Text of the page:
Commit Digest 51 has been released. Usually it contains a huge amount of interesting information - well, at least for the KDE interested people.
As usual the introduction of the Issue 51 summarizes some important information. For example the Oxygen project finished the transition of their icon names to the freedesktop.org icon naming spec. This means that
The Oxygen project is an impressive example for the artist skills some people of the KDE project have. Now a newcomer came up to help the Kalzium project and showed his first drawings which are of a high quality.
The K Desktop Environment (KDE) is brilliant, dynamic, full-featured -- and dull. At least that's the way it's presented in almost every distribution and boot disk on the market.
Well, so far I've published a dozen articles about KDE 4 over the last 12 weeks. A lot of content has been covered, but there is rapid progress still being made on those topics. So, in no particular order, this week's issue deals with addenda and updates to the last 12 articles, so that you can see some of the rapid progress happening as KDE races forward.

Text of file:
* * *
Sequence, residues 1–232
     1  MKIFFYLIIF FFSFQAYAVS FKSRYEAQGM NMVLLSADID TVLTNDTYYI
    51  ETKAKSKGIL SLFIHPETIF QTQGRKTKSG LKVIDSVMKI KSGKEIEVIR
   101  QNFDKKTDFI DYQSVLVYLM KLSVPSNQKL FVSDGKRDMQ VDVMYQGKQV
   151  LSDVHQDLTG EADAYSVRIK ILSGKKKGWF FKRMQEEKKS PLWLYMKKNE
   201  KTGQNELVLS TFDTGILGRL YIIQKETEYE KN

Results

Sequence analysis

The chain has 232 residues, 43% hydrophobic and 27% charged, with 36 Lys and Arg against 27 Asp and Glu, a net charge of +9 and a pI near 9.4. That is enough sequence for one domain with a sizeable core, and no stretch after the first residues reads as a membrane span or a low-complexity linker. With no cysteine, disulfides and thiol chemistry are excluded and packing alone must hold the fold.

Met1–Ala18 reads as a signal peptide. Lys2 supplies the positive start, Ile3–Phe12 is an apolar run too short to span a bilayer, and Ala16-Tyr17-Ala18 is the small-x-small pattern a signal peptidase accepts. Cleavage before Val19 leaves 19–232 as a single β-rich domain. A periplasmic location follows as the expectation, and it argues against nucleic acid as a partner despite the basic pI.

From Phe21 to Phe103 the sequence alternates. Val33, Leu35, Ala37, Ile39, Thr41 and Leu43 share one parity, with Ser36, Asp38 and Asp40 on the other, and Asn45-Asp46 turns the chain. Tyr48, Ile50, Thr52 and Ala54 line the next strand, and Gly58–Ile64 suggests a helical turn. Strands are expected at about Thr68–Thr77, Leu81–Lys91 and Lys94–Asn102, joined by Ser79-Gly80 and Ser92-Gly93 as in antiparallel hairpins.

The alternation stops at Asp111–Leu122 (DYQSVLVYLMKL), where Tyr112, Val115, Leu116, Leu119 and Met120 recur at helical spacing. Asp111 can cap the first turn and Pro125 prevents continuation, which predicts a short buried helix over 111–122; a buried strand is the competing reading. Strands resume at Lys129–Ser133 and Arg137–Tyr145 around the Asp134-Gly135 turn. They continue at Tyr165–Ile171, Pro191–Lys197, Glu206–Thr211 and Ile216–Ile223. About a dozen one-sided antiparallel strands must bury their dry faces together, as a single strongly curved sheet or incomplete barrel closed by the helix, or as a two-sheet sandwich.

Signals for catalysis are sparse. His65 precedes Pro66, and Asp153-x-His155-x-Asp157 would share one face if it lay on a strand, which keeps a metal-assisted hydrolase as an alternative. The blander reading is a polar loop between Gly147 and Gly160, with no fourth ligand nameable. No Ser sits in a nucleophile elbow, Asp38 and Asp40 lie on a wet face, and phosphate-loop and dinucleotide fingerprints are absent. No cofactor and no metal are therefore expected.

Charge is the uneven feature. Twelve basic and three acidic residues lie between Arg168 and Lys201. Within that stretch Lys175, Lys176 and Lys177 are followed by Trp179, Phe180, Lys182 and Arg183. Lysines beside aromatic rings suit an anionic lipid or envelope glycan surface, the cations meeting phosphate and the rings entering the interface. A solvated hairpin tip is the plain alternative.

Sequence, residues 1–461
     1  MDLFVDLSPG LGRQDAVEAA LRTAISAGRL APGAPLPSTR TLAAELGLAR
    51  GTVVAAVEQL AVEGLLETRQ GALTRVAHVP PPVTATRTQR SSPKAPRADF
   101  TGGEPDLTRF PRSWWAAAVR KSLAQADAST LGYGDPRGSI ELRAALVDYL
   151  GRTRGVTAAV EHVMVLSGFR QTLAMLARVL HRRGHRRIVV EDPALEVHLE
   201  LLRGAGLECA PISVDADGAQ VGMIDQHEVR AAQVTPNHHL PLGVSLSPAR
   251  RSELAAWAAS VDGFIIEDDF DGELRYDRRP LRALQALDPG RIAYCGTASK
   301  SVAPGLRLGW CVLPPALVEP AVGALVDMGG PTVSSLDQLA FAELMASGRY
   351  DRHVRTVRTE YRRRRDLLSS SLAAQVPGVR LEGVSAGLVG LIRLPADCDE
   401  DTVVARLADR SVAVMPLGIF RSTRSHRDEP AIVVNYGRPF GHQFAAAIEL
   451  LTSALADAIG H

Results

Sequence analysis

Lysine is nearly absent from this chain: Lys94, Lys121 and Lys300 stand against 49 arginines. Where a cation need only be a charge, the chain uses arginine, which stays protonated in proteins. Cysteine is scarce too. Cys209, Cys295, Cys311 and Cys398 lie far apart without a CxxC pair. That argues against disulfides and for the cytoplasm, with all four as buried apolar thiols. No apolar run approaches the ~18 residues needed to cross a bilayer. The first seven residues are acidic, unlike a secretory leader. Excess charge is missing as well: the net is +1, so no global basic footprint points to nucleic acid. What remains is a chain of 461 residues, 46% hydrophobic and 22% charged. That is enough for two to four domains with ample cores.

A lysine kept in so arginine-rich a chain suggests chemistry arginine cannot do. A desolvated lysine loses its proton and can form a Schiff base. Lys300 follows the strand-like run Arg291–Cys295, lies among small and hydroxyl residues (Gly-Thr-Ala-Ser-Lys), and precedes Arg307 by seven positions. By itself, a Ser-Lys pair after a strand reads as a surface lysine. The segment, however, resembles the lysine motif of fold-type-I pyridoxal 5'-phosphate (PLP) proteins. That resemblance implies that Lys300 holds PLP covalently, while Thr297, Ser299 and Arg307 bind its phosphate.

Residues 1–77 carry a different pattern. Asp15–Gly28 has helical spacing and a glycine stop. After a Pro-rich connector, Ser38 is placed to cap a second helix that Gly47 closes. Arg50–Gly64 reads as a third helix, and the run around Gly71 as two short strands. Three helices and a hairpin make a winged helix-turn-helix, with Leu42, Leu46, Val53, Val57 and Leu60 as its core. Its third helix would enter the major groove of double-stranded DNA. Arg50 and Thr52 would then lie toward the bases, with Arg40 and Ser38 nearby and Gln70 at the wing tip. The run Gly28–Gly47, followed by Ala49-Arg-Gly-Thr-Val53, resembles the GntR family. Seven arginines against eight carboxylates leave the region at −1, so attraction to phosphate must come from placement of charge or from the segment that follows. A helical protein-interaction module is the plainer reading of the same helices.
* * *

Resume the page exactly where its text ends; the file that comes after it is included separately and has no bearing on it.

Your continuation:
The KDE Community and the release team have put together a release plan for the long anticipated version 4.0, which is planned to be released in October 2007. KDE 4.0 will be a major milestone for the Free Desktop, as it offers a new foundation and set of frameworks that will shape the desktop user experience for years to come.
Last month I wrote a piece saying that I was going to try KDE for a month (I’m a big GNOME fan!) and then report back on my experiences. I must admit I’m feeling relieved to be back with GNOME as I never really felt comfortable with KDE, but that’s not to say it was all bad.
It has already been reported by several blogs and news pages, therefore I’m safe blogging about it now. The previously discussed schedule is out in the wild. The KDE 4.0 schedule has officially been released to the KDE development wiki. Also, a roadmap and a module status page ahs been added.
One of the areas of Konsole which I really want to give a little love for KDE 4 is the terminal setup ( terminal features, colour schemes, display options, character encoding etc. ) and creation of profiles for different types of terminal.
Today (and the last few days, and I generally does that quite all the time) I have been using KDE applications extensively in real life projects, today a tight day in the fundraising group in the sailing club.
Discussing via email what should go in our ‘sales’ material, and producing that material using KWord, Krita, Digikam, Konqueror and KPDF.
Carsten was already faster and blogged about day 3@CeBIT - so it's time to talk about the first two days
The first two days we had a rather small booth compared to other projects in the LinuxPark (Hall 5): Placed in the corner next to the Debian booth (see photo). However, we managed to attract many interested eyes, and that's after all what's important (see photo).
Date: 15th March 2007
A SHORT INTRO